17 July 2018
A cross-party group of MPs has published a scathing report criticising the government’s failure to properly enforce age discrimination law.
More than a million people over 50 are not able to access employment despite wanting to work, according to the findings of a recent inquiry by the Women and Equalities Committee.
Women in this age group are hardest hit, it was found, as the lack of flexibility offered by employers makes it difficult for them to fit work around pre-existing care duties.
Further, the Committee warned that the government “needs to be clearer” that prejudice, unconscious bias and casual ageism are unlawful, as per the Equality Act 2010, especially among recruitment agencies, where the issue was found to be particularly pronounced.
Chairwoman Maria Miller said the lack of enforcement of the law by both the government and the Equality and Human Rights Commission (EHRC) is “alarming and totally unacceptable”.
“People in later life are often playing many different roles in society, but those who wish to work should not face the current barriers of discrimination, bias and outdated employment practices,” the report states.
“Too little is being done to enforce the law,” it adds. “Neither the government or the Equality and Human Rights Commission, with its considerable enforcement powers, are intervening in the recruitment sector where so much of the evidence demonstrates unlawful ways of working.”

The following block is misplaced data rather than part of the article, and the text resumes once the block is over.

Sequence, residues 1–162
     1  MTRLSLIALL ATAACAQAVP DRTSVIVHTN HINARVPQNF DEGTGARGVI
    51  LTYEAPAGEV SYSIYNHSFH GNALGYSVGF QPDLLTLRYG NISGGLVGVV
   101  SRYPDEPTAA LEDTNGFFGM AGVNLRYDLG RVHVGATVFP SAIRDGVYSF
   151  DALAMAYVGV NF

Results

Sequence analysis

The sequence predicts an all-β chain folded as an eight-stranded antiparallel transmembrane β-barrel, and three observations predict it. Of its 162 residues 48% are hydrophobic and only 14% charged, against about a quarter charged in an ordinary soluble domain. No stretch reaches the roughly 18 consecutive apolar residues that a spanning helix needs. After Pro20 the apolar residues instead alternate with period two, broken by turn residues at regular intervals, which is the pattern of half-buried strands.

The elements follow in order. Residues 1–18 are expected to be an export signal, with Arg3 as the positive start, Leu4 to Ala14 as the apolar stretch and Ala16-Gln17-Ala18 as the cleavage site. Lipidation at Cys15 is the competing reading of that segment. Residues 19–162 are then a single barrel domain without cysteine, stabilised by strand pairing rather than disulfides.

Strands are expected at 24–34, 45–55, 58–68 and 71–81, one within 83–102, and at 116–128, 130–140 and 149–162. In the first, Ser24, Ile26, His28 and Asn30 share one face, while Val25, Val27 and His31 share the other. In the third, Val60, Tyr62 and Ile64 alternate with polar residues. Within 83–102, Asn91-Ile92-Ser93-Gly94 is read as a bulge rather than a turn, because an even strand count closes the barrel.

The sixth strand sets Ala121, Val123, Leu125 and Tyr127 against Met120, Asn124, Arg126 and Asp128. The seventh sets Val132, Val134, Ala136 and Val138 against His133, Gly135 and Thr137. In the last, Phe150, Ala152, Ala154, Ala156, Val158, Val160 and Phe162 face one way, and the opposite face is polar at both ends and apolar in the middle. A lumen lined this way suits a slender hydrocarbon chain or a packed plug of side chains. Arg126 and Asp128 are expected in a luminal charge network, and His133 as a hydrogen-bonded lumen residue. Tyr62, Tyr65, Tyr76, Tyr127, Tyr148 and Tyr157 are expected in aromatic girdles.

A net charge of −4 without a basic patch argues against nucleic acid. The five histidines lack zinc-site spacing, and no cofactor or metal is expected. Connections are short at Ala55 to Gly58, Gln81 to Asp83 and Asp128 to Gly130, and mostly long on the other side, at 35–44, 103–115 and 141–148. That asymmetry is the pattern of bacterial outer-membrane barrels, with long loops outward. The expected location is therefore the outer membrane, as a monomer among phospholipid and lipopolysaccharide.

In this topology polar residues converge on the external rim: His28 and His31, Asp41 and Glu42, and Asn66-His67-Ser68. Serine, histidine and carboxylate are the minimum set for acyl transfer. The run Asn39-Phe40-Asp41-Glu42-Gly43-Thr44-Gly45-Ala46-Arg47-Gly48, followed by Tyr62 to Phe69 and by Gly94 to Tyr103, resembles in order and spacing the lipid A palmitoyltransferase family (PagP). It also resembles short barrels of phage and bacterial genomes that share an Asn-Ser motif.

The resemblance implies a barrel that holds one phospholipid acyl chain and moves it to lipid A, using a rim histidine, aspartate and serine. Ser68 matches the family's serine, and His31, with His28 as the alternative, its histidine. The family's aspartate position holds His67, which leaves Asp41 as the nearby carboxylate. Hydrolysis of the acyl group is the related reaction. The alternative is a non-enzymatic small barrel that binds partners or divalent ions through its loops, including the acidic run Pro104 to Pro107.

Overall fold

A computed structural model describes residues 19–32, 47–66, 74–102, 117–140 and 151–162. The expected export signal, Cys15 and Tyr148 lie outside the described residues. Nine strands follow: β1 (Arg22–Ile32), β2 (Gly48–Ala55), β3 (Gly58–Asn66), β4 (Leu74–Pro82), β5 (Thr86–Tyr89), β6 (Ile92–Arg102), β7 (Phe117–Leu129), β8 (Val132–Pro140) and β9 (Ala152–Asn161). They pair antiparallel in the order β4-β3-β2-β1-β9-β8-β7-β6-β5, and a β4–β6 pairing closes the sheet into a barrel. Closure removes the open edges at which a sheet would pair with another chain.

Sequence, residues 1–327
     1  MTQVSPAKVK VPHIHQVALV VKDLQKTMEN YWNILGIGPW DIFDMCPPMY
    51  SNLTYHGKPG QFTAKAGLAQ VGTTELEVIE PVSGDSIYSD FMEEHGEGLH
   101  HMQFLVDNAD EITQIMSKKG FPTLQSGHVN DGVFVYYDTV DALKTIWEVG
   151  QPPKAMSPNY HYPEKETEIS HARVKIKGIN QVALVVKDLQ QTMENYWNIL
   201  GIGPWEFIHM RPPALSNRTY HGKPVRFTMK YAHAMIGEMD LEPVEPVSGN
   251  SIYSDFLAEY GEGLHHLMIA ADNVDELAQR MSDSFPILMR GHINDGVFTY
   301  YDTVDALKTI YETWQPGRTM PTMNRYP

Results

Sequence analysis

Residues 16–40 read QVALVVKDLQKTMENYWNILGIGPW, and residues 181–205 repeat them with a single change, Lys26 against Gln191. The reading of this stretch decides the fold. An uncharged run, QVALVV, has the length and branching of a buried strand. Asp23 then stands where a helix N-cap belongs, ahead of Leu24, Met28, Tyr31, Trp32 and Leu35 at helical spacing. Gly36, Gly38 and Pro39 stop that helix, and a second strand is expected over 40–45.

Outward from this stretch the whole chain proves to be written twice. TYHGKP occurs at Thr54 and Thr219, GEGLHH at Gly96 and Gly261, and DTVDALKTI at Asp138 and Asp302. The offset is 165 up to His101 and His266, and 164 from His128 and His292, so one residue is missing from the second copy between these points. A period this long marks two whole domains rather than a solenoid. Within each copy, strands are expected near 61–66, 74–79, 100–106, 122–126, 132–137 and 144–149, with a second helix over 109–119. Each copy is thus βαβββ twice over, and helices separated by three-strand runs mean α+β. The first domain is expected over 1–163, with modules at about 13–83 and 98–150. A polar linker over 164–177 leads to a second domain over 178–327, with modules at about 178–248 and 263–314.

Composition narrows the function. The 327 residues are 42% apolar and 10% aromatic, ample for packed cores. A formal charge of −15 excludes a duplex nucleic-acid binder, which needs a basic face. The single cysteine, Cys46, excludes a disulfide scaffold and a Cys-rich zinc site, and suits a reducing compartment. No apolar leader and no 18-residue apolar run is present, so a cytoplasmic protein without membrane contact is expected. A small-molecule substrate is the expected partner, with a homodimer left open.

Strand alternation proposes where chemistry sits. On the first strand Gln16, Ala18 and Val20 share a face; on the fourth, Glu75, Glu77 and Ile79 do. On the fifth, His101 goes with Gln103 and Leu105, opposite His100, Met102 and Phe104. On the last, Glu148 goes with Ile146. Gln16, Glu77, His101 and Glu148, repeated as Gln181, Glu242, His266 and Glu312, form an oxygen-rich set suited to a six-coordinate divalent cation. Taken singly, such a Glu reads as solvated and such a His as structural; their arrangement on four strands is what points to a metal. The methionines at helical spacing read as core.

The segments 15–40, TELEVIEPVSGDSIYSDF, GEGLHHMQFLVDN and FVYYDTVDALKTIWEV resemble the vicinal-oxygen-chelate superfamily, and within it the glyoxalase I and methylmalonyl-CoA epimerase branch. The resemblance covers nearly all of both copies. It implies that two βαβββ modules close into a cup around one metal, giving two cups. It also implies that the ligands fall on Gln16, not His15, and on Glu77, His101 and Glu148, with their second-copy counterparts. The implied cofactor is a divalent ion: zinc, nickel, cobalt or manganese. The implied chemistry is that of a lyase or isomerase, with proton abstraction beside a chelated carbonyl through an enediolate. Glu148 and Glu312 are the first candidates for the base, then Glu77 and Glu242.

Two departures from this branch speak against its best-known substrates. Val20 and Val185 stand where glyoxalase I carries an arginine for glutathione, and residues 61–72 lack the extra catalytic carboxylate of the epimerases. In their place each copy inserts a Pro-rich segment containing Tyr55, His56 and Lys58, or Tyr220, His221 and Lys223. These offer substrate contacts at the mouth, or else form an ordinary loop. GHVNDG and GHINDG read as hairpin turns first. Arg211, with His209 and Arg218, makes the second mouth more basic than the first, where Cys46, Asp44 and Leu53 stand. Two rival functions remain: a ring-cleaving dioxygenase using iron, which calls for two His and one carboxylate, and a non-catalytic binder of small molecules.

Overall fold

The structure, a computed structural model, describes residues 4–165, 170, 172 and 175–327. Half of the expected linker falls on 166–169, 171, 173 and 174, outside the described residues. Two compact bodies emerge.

The Committee recommended the introduction of age-discrimination auditing, similar to the new gender pay gap reporting requirement; a mandatory duty to provide flexible working arrangements; a statutory entitlement to five days’ paid carer’s leave and a longer period of unpaid leave; a responsibility for recruitment agencies to collect data on where older workers are excluded from employment and to create a plan to protest against discrimination; and an urgent investigation by the EHRC into why older people are failing to find sustainable employment and ensure it is not due to discrimination.
“Age discrimination in the workplace is a serious problem, as many older people have discovered,” Maria Miller said.
“Yet despite it being unlawful for more than a decade, the scale and lack of enforcement uncovered by our inquiry is both alarming and totally unacceptable.
“The Government and the EHRC have failed to get to grips with this.”
She added: “As a country we face serious challenges recruiting and retaining an experienced and skilled workforce.
“Until we tackle discrimination against the growing number of over 50s, they will continue to be consigned to the ‘too old’ pile instead of being part of the solution … employers continue to organise workplaces around an outdated, inflexible model that this inquiry and our past inquiries into fathers in the workplace and the gender pay gap show no longer works.”